Fats Waller and the Frosted Trees

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Fats Waller (Credit: Alan Fisher on Wikimedia Commons)

Fats Waller and the Frosted Trees

Jelly Roll Morton, Scott Joplin, and Fats Waller make me grateful. As Steve Martin said decades ago, “You just can’t sing a depressing song when you’re playing the banjo.” Same with driving in the country and listening to piano rolls, rags, and strides.

This past week Fats, the color white, and gratitude owned my commute from Erie to St. John’s Lutheran Church in Oniontown, Pennsylvania. The hour south on I-79, Route 19, and District Road was a hot damn of thanksgiving–“Handful of Keys,” “Lulu’s Back in Town,” “When Someone Thinks You’re Wonderful.”

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Grandson Cole, wonderful kid with a new lid

Why did pianos and frosted branches make me take inventory? I don’t understand myself all that well, so who knows? My list wrote itself slowly and silently.

  • I have a surplus of love. One step in any direction, there it is. Wife, grown kids, one grandson and another on the way, more family and a ton of friends. An absolute wonder of wonderful souls.
  • Those closest to me are holding together okay. No crises going down or chops busting in process.
  • I have a home, warm or cool as desired, so much food that possibilities have to be eliminated, and a king’s ransom of clean water.
  • My closet holds wardrobes for varying weight classes with acquisitions I’ve forgotten.
  • Bill collectors are not breaking down the door.
  • I dig the bookends of my commute—solace to the north and good purpose to the south.

As the miles clicked away, as Fats sparkled, as the snowy trees formed cathedrals surreal with beauty, Gershwin lyrics came to me: “Got my gal, got my Lawd, got my song.”

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Beloved Watson with the mother of fatty tumors

“No use complaining,” Porgy says as an aside, though he didn’t know about the Coleman family’s dog Watson, weary, arthritic, laden with tumors. He is our hobbling source of agape—unconditional love. A month ago, a lump appeared in the middle of his forehead. Its rapid growth foreshadows his absence, even as he manages a fetch or two. He snorts constantly, trying to clear a mass that won’t budge.

Nearing the end of my commute, I allowed that happiness isn’t a prerequisite for gratitude. Twelve years of Watson’s mild presence has been extravagant by any measure.

IMG_4150I would say that my inventory was a prayer, but Fats alone was that, as were the frosted trees and a line from a musical. I received the wide mercy—alpha to omega—of giving thanks for miles with my eyes, ears, and lungs and not once calling God by name.

 

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22 thoughts on “Fats Waller and the Frosted Trees

  1. If your sermons are as wonderfully descriptive and insightful as your blogs… well, I just would like to be close enough to worship in your congregation. Have yourself merry Winter’s Day, John. Here, in York on this Saturday, we have around a foot of snow and expect up to 30 inches. It is beautiful and lovely. Gratitude abounds for those who serve by plowing and coming to provide services.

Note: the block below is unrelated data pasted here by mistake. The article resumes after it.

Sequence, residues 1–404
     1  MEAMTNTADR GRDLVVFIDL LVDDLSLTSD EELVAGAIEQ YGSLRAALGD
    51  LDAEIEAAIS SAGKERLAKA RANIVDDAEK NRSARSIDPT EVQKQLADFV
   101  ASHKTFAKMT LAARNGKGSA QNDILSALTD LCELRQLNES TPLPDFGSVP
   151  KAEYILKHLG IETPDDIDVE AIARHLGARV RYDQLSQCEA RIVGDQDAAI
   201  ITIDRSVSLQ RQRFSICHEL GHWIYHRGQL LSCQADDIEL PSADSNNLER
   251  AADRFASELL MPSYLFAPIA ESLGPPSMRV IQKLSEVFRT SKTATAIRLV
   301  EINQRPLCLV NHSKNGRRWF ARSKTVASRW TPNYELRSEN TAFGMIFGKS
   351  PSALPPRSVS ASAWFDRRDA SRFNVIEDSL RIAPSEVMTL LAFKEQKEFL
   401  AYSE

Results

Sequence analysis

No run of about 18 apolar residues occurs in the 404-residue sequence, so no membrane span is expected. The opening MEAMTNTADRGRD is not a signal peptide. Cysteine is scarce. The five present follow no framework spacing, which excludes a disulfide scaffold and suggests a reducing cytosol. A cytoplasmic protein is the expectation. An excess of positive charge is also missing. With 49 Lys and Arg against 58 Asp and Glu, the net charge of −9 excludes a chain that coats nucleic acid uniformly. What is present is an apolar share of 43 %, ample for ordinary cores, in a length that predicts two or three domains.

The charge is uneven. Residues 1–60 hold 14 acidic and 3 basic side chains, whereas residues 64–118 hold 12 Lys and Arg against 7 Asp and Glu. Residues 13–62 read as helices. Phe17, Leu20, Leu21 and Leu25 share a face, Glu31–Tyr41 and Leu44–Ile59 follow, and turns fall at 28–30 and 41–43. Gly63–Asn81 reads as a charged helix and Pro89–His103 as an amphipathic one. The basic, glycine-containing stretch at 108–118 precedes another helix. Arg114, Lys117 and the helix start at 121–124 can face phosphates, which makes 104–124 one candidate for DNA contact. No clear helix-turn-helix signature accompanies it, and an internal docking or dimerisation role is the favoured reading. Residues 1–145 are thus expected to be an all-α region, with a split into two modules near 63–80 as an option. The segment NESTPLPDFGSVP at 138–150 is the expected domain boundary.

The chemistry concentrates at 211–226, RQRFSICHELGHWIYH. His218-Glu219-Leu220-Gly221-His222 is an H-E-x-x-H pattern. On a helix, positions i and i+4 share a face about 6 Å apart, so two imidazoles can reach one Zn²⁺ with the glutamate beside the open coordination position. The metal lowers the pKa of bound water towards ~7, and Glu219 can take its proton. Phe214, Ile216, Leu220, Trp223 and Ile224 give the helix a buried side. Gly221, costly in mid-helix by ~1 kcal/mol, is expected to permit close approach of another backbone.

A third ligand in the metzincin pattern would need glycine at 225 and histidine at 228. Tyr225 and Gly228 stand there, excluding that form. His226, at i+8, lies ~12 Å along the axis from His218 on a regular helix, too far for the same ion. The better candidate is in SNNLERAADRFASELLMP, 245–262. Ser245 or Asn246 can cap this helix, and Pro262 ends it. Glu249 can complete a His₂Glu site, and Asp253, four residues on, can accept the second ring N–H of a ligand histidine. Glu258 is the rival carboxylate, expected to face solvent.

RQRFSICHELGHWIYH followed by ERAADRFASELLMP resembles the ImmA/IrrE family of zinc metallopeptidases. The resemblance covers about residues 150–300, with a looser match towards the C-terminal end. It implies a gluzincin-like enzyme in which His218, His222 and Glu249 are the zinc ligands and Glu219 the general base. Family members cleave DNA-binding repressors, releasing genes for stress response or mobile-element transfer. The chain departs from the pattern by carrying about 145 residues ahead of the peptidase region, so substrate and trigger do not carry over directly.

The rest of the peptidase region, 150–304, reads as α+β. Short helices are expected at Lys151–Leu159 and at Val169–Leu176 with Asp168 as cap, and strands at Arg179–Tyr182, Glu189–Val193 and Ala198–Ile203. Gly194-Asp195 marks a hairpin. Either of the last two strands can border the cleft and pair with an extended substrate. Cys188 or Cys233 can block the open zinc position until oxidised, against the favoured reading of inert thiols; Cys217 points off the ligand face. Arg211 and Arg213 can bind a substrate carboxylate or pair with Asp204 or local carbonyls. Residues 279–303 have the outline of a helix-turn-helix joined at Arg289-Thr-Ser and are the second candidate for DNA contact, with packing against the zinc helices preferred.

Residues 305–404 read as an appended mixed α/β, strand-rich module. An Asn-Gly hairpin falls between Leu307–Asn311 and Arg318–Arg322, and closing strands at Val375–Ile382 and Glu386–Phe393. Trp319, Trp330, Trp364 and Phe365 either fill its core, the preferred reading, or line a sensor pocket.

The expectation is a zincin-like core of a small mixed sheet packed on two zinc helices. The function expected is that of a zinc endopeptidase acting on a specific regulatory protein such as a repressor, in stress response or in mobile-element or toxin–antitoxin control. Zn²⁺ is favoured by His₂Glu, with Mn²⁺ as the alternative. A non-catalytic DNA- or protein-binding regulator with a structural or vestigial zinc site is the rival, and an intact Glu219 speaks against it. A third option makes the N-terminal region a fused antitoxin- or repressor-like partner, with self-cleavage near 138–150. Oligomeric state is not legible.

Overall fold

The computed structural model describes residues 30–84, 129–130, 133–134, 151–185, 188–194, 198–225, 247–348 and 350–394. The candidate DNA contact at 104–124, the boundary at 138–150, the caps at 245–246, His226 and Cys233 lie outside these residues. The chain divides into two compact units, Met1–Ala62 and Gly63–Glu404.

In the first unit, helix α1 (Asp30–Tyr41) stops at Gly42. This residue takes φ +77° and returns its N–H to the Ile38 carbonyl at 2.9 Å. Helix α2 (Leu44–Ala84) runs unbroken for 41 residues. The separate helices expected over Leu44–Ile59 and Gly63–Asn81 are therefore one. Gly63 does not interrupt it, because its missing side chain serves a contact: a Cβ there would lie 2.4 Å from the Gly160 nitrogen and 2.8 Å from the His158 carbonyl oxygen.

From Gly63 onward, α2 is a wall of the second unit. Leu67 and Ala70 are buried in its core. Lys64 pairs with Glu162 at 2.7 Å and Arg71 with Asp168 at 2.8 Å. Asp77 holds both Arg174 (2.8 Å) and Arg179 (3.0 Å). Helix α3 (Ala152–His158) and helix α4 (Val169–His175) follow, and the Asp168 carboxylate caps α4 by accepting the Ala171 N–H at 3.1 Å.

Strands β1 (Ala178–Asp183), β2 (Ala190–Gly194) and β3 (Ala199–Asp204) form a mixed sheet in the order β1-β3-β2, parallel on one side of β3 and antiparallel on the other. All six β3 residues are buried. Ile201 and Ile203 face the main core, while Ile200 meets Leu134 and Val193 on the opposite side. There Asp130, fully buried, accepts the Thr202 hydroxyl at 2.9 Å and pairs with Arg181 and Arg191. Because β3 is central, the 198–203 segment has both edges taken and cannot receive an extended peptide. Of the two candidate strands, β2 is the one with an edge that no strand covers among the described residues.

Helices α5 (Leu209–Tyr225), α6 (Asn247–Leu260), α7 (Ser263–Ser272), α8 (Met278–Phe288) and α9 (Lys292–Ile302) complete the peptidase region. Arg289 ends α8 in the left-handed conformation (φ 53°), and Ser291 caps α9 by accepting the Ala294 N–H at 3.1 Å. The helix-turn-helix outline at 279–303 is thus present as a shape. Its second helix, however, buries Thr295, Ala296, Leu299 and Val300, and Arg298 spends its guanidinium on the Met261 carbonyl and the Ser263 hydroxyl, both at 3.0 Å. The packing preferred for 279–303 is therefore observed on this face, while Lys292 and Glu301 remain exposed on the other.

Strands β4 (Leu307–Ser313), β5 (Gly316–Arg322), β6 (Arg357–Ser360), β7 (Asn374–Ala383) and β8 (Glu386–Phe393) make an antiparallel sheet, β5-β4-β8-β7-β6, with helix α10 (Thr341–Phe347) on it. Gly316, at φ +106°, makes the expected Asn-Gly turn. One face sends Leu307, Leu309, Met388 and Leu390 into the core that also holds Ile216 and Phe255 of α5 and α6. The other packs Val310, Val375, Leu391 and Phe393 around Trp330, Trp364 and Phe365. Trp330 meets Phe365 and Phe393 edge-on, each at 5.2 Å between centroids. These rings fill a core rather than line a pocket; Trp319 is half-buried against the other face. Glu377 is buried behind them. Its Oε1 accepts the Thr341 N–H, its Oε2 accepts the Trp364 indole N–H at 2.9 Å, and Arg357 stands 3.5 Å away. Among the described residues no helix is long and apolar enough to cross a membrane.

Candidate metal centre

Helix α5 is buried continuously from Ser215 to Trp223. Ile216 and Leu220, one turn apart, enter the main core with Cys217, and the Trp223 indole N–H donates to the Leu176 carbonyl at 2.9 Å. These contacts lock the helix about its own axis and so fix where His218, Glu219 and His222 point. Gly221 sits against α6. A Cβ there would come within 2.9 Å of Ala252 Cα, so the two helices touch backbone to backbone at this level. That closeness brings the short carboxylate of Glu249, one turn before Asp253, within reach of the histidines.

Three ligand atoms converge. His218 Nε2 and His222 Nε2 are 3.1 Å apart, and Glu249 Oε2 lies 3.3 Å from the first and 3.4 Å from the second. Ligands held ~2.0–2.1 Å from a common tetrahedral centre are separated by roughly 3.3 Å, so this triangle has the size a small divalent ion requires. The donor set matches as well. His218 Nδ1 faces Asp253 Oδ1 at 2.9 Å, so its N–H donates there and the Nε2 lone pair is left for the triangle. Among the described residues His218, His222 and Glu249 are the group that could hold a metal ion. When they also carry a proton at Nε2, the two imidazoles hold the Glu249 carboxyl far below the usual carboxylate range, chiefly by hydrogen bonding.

• Hi, Ray. Hope the snow has let up and the dig out proceeds. Thanks for stopping by. I think about you and Julie and hope you’re doing well. Peace, John

  2. Lovely piece, and nice reminder to be grateful. I have a wonderful 8yr old Schnoodle, that I never take for granted, and I know you value every day with your 4 footed friend. All the best!
    Jenny Clarke

    • Hey, Jenny. I’m glad your Schnoodle is still among the living. Not a bad idea to give your pooch a kiss on the head every day, ay? Peace and best to you and Bruce, John

  3. I love the way take stock. If I were in the neighborhood, I would come sit through one of your services for the sheer joy of listening, which is saying a lot for me as sitting in church makes me squirmy, and I haven’t been inside one in I don’t remember how long.

    But, oh, poor Watson — to carry on so stoically. Bless that dog.

    Cole makes a mighty happy snappy magician in that photo. I expect he could pull a rabbit from that hat if he had a mind to.

    • Hi, Mary. I sure hear what you’re saying about “squirmy.” I tend to feel it when I hear what some folks believe along the lines of God as micro-manager, as in key locator and employment agent. Anywho, my life is full with Watson, Cole, and all the rest. When Cole is old enough, I’ll teach him the magic trick of taking off his thumb. Peace, John

    • Thanks much. That tumor on his head is really getting to be something, too. We’re trying to enjoy every day with him. Peace, John

    • Hey, NTT. Glad you’re back on the grid. The beard comes when I don’t mind looking my age and goes when I feel like looking a little younger. Ah, vanity! Old Watty can’t shave unfortunately, and in addition to being gray, his goatee stinks. I AM feeling good, but there’s always something to keep things interesting. No complaints. Love back atcha, John

    • The Cole-ster has been an overachiever in every department except hair, which has come slowly. Now come the red with a few curls, like his mother. And . . . drumroll . . . another grandson is scheduled for arrival at the end of March. Incredible grooviness and cool beans. John

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